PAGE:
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Bar Customers: Plenty To Go Around

Bar Customers: Plenty To Go Around

Great news if your restaurant sells alcoholic beverages. The latest Gallup poll finds that 67 percent of U.S. adults now drink them—a 25-year high. Even better, the poll’s demographic breakdown tells you which group drinks what, enabling operators to fine-tune beverage programs to match likely customer preferences. No wonder savvy mixologists are a hot commodity these days.

We already know that the media has been full of stories about the cocktail renaissance, the ever-growing wine bar trend and the explosion in microbrews and craft beers. Now we know why. The Gallup poll confirms an upswing in drinking that reaches far and wide through the restaurant industry’s customer base.

So what are the key characteristics of the people doing the drinking?

For one thing, they’re young. Seventy-two percent of poll respondents who drank were in the 18-34 and 35-54 age groups drink, while only 59 percent of the 55 and older crowd does.

They’re educated, too. Seventy-four percent of people who have some postgraduate education drink, 79 percent of college graduates do, 70 percent of those who’ve had some college imbibe, while just 58 percent of high school graduates like to wet their whistle.

And most importantly, the drinking crowd has money to spend. Eighty-one percent of people earning more than $75,000 per year indulge, as do 78 percent in the $50,000-$74,999 grouping and 66 percent in the $30,000-$49,999 bracket. Lower earners drink less. Fifty-one percent of those who make $20,000-$29,999 drink, while just 46 percent of those below the $20,000 threshold do.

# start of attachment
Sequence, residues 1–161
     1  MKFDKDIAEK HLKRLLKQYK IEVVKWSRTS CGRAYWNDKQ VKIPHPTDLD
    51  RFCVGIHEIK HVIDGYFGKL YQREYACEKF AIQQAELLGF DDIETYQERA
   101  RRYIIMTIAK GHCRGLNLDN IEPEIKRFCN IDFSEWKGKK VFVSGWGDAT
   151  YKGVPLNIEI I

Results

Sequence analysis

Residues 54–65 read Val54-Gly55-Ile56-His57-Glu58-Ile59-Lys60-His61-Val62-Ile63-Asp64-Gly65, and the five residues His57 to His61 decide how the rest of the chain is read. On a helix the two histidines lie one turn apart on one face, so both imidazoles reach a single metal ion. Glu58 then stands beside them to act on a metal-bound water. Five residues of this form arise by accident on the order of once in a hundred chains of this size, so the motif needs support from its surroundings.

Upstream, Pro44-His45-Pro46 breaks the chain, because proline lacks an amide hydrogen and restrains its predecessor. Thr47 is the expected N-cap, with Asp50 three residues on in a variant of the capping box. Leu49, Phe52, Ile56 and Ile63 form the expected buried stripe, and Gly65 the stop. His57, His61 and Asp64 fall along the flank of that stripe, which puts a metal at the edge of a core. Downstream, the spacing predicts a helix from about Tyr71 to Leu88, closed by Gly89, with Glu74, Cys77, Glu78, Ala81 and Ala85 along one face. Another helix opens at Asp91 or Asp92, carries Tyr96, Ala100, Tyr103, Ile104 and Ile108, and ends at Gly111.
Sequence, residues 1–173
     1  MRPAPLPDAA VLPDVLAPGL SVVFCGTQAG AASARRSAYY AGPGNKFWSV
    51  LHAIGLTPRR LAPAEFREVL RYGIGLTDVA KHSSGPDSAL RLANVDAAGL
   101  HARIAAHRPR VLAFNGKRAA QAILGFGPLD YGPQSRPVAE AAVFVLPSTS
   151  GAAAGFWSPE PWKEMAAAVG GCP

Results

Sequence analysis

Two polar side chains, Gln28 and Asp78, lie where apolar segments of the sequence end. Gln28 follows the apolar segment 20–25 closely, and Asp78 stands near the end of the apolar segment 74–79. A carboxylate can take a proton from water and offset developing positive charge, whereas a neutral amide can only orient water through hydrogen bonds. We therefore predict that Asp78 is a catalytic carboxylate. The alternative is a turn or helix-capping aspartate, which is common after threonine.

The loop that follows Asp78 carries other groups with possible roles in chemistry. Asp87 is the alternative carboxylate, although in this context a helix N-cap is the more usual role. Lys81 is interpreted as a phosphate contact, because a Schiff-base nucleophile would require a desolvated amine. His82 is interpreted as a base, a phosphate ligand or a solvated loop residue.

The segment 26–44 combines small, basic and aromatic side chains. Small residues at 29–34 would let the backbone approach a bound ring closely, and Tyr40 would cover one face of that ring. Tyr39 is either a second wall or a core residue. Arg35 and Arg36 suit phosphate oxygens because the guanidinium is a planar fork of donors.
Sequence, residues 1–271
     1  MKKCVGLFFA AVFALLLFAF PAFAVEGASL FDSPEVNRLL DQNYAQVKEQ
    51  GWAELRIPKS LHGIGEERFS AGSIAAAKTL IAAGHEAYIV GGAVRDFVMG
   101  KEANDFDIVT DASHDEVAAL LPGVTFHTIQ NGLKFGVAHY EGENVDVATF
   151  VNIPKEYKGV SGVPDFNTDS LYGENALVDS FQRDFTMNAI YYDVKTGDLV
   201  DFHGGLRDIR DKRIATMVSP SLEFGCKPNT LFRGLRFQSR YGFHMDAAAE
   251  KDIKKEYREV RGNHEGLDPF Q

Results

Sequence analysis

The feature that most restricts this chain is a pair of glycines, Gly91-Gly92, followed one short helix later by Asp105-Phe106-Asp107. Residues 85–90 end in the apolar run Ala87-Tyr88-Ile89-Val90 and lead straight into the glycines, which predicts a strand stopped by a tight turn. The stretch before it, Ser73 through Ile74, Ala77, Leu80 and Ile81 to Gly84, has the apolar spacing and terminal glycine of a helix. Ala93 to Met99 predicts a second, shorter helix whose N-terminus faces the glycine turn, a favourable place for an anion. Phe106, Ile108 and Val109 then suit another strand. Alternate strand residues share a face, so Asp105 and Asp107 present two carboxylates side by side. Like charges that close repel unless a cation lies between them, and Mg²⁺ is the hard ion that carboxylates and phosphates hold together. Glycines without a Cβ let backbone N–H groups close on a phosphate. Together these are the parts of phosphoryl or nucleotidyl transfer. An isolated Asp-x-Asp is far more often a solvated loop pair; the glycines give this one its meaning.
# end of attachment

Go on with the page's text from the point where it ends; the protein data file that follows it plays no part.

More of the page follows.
And what, exactly, do they drink? Overall, 41 percent of respondents prefer beer, 32 percent go for wine, and 21 percent opt for liquor. Beer is the drink of choice for the majority of men (54 percent to 17 percent for wine and 22 percent for liquor), while women prefer wine (48 percent) over beer (27 percent) and liquor (21 percent). Younger men drink the most beer and least wine, older women the most wine and least beer. Liquor usage varies relatively little between the different age groups.

It’s good information to know whether you’re applying for an alcoholic beverage license or hoping to make better use of the one you already have. Adding this up-to-date (the poll was conducted mid-July 2010) information to your gut instinct can help you find a profitable new direction for your beverage program if you need one.

The Gallup poll is telling you the chances of your beverage program being a success haven’t been better since 1985. Whether you’re thinking about hiring a dedicated mixologist, broadening your beer selection or making your wine list more accessible, what are you waiting for?